I used the pound cake recipe from the Better Homes and Gardens cook book, which follows. I looked on their website, and the recipe for Pound Cake and for Classic Pound Cake, is not the recipe for Pound Cake in the book I have, which is from 1989 of course.

1 cup butter
4 eggs
2 cups all-purpose flour
1 teaspoon baking powder
1/4 teaspoon ground nutmeg (optional)
1 cup sugar
1 teaspoon vanilla

Bring butter and eggs to room temperature. In one mixing bowl stir together flour, baking powder, and, if desired, nutmeg. In another bowl beat butter with an electric mixer on medium speed for 30 seconds.

Gradually add sugar to butter, 2 tablespoons at a time, beating on medium to high speed about 6 minutes total or till very light and fluffy. Add vanilla. Add eggs, one at a time, beating 1 minute after each addition, scraping bowl often. Gradually add flour mixture to butter mixture, beating on low to medium speed just till combined.

Pour batter into a greased and floured 9x5x3 inch loaf pan. Bake in a 325 degree oven for 55 to 65 minutes or till a toothpick inserted near the center comes out clean. Cool on a wire rack for 10 minutes. Remove cake from pan. Cool thoroughly on a wire rack. Makes 12 servings.

This recipe was easy to throw together, took no time at all and turned out wonderful. The longest part was waiting for the butter and eggs to get to room temp! Enjoy!

Tuesday, April 20, 2010

Shrimp tacos, avocado cilantro salsa, avocado tomato salad

Simplicity can be truly awesome. Case in point: shrimp tacos. For the shrimp lover (like me), shrimp tacos are heaven! This taco is all about the shrimp. There is nothing in the taco but shrimp and a yummy avocado cilantro salsa. Absolutely one of my favorite summertime meals! (It may only be April, but it's getting warm in Phoenix!)

The side salad is also very simple: a roma tomato and half an avocado drizzled with lemon juice. It is refreshing and light, and the lemon juice actually made the tomato flavor more apparent, and the avocado brighter.

The shrimp sauce ingredients include olive oil, chili powder and paprika. The shrimp were just coated in this sauce, allowed to sit for about 5 minutes, and then fried in a pan. (My husband just really warms the shrimp since we buy the already cooked and peeled shrimp.) The avocado cilantro salsa ingredients include one half avocado, half a bunch of cilantro, garlic, onion salt, garlic salt, lemon juice and about 2 tablespoons water, all combined in a food processor. Add more lemon juice or water to get your desired consistency.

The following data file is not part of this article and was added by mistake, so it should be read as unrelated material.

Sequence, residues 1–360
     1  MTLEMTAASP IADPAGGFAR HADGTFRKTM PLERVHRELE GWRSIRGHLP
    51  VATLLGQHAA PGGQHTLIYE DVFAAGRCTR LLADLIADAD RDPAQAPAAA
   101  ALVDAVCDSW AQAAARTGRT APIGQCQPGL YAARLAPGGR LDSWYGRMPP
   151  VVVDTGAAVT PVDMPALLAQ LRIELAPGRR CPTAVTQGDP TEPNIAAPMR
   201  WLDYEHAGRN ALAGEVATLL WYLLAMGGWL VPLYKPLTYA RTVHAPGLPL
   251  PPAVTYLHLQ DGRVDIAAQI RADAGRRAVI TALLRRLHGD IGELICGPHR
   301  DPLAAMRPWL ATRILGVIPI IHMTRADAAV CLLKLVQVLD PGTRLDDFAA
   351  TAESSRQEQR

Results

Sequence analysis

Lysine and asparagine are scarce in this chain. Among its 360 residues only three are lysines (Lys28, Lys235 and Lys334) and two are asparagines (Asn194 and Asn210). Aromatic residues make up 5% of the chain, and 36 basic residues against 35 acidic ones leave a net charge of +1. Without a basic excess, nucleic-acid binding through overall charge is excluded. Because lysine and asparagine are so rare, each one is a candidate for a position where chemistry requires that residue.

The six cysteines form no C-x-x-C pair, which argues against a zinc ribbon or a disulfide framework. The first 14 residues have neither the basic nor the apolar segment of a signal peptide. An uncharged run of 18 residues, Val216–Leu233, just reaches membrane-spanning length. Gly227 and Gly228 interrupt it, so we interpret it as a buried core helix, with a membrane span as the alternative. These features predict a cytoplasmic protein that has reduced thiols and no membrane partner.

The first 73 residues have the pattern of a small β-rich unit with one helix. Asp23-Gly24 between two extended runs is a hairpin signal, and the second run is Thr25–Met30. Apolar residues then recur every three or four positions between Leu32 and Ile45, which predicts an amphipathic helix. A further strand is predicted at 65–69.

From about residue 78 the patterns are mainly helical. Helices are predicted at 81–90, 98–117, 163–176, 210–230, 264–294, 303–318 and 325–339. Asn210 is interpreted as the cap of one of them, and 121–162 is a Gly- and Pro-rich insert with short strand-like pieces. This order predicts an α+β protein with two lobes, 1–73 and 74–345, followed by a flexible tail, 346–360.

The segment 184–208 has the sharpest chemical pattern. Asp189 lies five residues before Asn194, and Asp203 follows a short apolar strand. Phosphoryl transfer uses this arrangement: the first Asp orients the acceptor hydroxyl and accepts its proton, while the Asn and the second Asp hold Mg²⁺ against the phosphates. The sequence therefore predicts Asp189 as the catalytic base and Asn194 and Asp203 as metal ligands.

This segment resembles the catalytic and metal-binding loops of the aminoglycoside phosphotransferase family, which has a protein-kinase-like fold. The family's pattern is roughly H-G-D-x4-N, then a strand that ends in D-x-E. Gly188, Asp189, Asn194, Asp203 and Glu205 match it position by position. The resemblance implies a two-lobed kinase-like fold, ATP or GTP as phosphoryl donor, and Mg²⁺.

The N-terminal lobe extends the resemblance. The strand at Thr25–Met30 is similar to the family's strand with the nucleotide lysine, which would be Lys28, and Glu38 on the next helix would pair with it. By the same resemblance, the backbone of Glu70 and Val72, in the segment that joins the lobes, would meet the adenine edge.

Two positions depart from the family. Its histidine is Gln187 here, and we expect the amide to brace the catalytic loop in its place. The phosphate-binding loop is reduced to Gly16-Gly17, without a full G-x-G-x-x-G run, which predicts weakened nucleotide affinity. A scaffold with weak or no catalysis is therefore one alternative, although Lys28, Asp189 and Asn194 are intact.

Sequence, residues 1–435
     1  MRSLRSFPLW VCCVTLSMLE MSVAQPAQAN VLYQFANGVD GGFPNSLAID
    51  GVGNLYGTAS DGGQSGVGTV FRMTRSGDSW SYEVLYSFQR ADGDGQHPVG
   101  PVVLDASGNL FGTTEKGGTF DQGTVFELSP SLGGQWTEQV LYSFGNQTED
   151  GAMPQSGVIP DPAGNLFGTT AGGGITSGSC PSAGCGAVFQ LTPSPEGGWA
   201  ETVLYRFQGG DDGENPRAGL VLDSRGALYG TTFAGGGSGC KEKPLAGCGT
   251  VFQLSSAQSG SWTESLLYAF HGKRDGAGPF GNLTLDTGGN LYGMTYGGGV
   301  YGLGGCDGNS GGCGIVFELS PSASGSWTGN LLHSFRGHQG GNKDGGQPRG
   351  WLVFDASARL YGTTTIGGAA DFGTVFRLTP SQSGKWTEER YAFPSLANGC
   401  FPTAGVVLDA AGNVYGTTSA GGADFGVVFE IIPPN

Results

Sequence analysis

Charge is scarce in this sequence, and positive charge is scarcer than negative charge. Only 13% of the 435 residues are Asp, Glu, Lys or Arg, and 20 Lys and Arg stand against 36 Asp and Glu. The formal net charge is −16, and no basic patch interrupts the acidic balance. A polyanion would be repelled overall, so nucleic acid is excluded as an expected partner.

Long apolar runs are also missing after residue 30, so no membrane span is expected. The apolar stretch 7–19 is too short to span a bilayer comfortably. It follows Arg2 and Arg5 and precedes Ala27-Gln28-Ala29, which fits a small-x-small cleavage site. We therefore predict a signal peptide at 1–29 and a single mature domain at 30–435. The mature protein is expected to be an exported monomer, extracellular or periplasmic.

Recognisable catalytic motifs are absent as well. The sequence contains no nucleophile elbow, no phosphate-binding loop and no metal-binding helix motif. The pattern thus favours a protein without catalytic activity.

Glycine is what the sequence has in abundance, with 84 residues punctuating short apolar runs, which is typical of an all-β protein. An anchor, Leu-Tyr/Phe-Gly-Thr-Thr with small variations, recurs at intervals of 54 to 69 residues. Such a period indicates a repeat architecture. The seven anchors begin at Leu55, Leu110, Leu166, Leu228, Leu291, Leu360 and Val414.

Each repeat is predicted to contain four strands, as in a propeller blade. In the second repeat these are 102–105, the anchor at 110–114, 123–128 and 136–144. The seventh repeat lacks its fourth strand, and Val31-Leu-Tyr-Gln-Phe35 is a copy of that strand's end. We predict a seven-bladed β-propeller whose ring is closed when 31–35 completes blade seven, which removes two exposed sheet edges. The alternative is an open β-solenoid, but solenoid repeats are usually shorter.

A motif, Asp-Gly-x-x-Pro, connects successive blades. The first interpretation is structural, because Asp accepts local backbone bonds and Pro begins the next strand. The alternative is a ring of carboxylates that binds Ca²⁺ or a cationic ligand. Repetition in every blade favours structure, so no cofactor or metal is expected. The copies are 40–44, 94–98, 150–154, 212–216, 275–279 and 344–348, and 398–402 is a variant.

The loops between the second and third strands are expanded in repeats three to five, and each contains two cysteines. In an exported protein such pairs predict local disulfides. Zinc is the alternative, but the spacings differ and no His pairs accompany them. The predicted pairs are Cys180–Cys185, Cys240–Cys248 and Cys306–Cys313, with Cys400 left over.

Easy, simple and extremely flavorful! Enjoy!

Monday, April 5, 2010

The Whole Soy Story, by Kaayla T. Daniel

I wanted to bake my own bread at first because I thought it would be fun and yummy, and a bit of a challenge. (I had never done it before!) When I discovered I could bake a pretty good loaf, I decided to bake bread more regularly to avoid the preservatives that are in the bread at the grocery store. That, in turn, got me thinking about eating healthier in general, and avoiding, as best I could, all those preservatives and multi-syllabic, science-lab-created additives in all the food products I buy. I wanted to go fresher and more natural.

This desire to eat healthier, as well as beginning this blog, led me to other blogs written by vegetarians, vegans and raw foodists. I became curious about their choices of foods, and noticed that soy was not a regular part of their meals. Isn’t soy supposed to be good for you? So I asked one of the bloggers, and she answered that she personally avoided soy because it did not agree with her system, and suggested I research the topic further on my own. I immediately looked up information, and came across several books. I borrowed The Whole Soy Story: The Dark Side of America’s Favorite Health Food, by Kaayla T. Daniel from the library. It seemed the least “scientific” and easiest to read.

It was easy to read, although it is still chock full of scientific terminology. It is full of interesting information that makes me wary of buying any soy product, including any products that have soy additives, such as bread, crackers, turkey lunchmeat, and tuna! Yes, those products all have soy added as a filler or protein additive.

I believe there is good and bad in everything: people are both nice and naughty, life situations can be bad but there is always a silver lining, and food can be good tasting but not be good for us or taste yucky but be full of nutrients. There’s good and bad in everything. And, soy fits the bill. There is good and bad in soy. The soy industry focuses on the good, while not letting us average Americans in on the bad. Kaayla T. Daniel’s book does that. She informs the reader about the original use of soy in Chinese history, the fermentation processes that allow the good nutrients to shine while eliminating the bad anti-nutrients, and how the soy industry processes skip the fermentation of soy, which does not eliminate the bad stuff so it’s still in there, wreaking havoc on our bodies.